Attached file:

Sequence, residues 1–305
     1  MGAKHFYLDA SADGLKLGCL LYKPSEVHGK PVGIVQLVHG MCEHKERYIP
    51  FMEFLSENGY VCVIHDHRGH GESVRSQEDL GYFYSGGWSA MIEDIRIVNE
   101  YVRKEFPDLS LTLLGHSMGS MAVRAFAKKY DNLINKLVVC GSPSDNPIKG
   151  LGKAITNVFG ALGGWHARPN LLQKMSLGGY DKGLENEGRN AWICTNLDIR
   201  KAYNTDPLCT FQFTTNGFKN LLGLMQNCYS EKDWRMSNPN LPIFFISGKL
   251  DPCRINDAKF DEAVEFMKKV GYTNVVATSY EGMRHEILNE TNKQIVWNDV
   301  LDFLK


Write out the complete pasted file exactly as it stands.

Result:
Sequence, residues 1–305
     1  MGAKHFYLDA SADGLKLGCL LYKPSEVHGK PVGIVQLVHG MCEHKERYIP
    51  FMEFLSENGY VCVIHDHRGH GESVRSQEDL GYFYSGGWSA MIEDIRIVNE
   101  YVRKEFPDLS LTLLGHSMGS MAVRAFAKKY DNLINKLVVC GSPSDNPIKG
   151  LGKAITNVFG ALGGWHARPN LLQKMSLGGY DKGLENEGRN AWICTNLDIR
   201  KAYNTDPLCT FQFTTNGFKN LLGLMQNCYS EKDWRMSNPN LPIFFISGKL
   251  DPCRINDAKF DEAVEFMKKV GYTNVVATSY EGMRHEILNE TNKQIVWNDV
   301  LDFLK